Olssøn Barbieri Explores The 'Feminine Mind' With Gullmunn Spritfabrikk

by Rudy Sanchez on 08/20/2020 | 4 Minute Read

In 1699, botany artist Maria Sibylla Merian, then 52, set sail to Dutch Suriname in South America with her 21-year-old daughter, Dorothea, to study insects. The two-month journey, through pirate-laden seas, would be an adventure for anyone, but especially daring, at the time, for two women. 

Her detailed illustrations of wildlife derived through direct observation served as a foundation for entomology. Not only do her beautiful depictions of plants and bugs continue to influence naturalist illustrators (as well as her independent spirit and status in a field that continues to be denominated by men), but they also serve as one of the inspirations for the bottle and label design of distiller Marthe Bøhn’s latest spirit, the cask-aged aquavit Gullmunn Spritfabrikk.

Editorial photograph

For the brand identity and packaging, Bøhn enlisted the services of agency Olssøn Barbieri, and all the collaborators on the project are women. In addition to Merian, other feminine influences come from Hermann Hesse’s Narcissus and Goldmund, as the distillery is named after the novel’s character Gullmunn, who represented femininity and a connection to nature. They embodied this idea with illustrations that are an homage to Merian’s work, all of which get silkscreened with seven colors onto the bottle. The oak branch is a nod to the casks, as is the oak cork, and the butterfly symbolizes metamorphosis, a metaphor for the aging of the aquavit.

Editorial photograph
Editorial photograph

“As a woman, Marthe is operating in a male-dominated business, and this gave us the possibility to create a different narrative in the spirits category," says Olssøn Barbieri’s creative director and co-founder Erika Barbieri. "The storytelling is about how female vision opposes the Anthropocentric vision that has dominated our society, with a belief that human beings are the most important species on the planet. We wanted to portray an image of nature where every being is equally important.”

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Apothecary, once a secret career path for women who ordinarily wouldn’t be allowed to learn a trade, is tapped as an influence for the bottle, label typography, and design. The foot label gets hot-foiled, and the overall design of the bottle feels classically timeless; there's a strong bar presence that is sure to draw the unacquainted’s eye. The shape and silkscreened art on the bottle also invite the consumer to repurpose it, because you know its the kind of vessel for some freshly-picked wildflowers.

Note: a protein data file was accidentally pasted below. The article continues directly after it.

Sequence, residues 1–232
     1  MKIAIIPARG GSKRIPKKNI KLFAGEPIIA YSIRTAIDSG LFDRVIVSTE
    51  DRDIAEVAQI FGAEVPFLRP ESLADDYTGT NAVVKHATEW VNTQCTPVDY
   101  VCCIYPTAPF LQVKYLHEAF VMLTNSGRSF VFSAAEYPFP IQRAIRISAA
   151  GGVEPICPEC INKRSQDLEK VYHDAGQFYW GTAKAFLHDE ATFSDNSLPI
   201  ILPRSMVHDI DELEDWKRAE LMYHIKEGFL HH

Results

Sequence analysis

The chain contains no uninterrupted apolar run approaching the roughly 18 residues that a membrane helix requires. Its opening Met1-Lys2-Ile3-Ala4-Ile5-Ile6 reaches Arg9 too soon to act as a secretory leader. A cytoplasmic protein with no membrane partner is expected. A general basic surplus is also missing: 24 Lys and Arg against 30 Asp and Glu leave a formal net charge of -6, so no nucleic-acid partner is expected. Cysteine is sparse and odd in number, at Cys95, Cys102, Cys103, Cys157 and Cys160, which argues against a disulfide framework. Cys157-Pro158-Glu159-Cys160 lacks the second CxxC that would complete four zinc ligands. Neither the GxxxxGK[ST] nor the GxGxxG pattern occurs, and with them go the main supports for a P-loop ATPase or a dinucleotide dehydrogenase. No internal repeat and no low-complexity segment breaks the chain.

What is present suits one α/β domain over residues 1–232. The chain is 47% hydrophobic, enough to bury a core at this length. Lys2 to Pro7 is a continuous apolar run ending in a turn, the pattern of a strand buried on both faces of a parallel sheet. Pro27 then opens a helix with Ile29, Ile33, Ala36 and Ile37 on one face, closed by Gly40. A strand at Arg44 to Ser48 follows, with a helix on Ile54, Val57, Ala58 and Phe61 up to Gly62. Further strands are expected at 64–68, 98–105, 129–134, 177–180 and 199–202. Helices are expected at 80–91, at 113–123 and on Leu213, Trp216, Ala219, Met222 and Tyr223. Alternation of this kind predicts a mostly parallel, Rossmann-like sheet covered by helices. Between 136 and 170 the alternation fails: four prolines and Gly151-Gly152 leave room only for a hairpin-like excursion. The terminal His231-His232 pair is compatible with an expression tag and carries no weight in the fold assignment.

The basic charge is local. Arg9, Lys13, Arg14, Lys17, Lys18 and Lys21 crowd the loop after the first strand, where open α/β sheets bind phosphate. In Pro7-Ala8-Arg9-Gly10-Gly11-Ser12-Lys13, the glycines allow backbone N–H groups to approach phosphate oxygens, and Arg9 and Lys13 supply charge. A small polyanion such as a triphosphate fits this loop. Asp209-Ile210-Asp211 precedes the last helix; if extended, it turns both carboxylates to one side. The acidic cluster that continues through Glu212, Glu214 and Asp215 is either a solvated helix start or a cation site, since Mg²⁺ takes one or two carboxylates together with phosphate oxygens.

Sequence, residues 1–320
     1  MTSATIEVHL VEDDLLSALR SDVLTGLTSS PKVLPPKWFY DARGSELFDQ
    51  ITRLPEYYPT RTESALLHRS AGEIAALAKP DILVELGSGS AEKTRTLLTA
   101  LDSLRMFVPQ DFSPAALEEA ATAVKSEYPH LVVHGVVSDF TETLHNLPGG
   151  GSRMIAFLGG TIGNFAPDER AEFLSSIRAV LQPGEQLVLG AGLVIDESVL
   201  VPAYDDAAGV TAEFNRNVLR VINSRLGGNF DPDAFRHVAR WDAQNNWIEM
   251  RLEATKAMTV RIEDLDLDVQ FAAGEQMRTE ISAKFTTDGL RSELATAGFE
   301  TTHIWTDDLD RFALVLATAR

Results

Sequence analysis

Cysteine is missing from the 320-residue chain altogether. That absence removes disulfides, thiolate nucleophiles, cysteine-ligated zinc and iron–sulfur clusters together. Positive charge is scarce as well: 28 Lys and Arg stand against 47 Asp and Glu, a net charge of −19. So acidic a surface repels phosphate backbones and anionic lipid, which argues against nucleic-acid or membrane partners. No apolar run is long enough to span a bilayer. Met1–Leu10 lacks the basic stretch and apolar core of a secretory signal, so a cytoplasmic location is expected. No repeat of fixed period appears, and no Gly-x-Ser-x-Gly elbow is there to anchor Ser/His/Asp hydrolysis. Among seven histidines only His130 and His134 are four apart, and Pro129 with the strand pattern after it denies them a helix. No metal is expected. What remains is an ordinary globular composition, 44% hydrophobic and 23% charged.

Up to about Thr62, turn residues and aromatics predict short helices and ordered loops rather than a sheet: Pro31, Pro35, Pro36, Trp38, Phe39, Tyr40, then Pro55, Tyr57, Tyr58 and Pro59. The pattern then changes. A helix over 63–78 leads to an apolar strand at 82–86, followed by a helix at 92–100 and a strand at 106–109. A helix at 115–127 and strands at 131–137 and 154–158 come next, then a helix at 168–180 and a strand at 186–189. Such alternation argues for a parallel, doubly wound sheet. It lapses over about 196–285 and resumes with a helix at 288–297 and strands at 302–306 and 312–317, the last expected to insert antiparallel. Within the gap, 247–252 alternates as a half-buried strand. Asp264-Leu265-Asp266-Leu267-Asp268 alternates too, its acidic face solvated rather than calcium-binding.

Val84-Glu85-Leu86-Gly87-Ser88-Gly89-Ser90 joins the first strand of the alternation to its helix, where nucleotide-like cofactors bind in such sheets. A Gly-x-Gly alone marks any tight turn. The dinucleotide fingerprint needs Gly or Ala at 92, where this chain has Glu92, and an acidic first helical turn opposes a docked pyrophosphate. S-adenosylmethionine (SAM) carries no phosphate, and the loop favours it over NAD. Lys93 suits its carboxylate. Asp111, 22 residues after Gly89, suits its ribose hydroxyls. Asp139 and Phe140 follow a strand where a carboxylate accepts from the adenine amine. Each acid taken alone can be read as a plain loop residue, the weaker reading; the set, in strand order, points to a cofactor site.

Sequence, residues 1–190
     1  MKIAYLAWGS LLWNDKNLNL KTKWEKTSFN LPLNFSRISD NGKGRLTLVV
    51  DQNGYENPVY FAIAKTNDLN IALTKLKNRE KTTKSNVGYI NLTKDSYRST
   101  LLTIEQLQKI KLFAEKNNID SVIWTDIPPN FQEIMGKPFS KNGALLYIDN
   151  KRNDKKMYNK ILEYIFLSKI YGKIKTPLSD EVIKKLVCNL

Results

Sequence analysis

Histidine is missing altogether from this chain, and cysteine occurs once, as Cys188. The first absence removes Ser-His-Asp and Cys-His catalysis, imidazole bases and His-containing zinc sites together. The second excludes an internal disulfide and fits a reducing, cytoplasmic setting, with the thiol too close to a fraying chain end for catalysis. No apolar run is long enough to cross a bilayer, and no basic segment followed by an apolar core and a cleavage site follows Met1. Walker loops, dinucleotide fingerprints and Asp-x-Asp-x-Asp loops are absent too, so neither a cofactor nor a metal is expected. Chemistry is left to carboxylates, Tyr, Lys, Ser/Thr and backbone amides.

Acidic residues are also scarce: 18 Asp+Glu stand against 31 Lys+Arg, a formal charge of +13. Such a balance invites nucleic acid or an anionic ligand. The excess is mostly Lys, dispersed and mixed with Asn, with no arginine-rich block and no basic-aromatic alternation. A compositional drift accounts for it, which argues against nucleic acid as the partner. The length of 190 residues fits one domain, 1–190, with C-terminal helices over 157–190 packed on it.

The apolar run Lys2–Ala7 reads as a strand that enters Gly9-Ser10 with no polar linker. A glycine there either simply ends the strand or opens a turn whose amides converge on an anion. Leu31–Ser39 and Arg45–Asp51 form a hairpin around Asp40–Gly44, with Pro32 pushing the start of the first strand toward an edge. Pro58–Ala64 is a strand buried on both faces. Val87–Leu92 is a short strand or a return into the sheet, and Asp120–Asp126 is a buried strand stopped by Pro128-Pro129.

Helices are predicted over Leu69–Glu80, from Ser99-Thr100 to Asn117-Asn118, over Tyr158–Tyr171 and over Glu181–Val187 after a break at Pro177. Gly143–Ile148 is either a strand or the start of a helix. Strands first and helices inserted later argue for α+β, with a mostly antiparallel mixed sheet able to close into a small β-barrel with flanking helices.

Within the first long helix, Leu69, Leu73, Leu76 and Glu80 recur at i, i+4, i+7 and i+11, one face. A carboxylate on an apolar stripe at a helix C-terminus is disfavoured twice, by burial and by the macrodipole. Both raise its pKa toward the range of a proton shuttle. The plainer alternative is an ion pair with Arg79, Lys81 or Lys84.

Editorial photograph
Editorial photograph
Editorial photograph

“Today, the representation of women in both the creative industry and distillation is still extremely low,” Barbieri says. “As the creative director and founder, I naturally feel engaged in this conversation. As storytellers, we know the importance of the stories and values we choose to empower, and this project lends itself to let a ‘female vision’ drive the process." 

“We got inspired and empowered by discovering and working with talented women on this project," she adds. "However, that didn’t make the project different, better, or worse than others because of it. What we have learned from the response is the expectation of what a women-driven project is, the idea of a character with some kind of superpowers. We think we need to acknowledge that, as women, we don’t need to become something else or be more than we are in order to lead and have ambitions.”

Gullmunn Spritfabrikk’s design and branding is also a reminder of the dangers of an Anthropocentric attitude, perhaps more relevant today than ever, as humanity witnesses the collapse of our own home driven by our pettiness and shortsightedness.

Editorial photograph

“As humans, we’re going through the realization that we need to become more responsible and critical, voicing the concern of the planet and acknowledge the interconnectedness of all the species,” Barbieri says. “This gives us, as designers, the possibility and responsibility of rethinking behaviors and redefining the success criteria of the brands of the future.”

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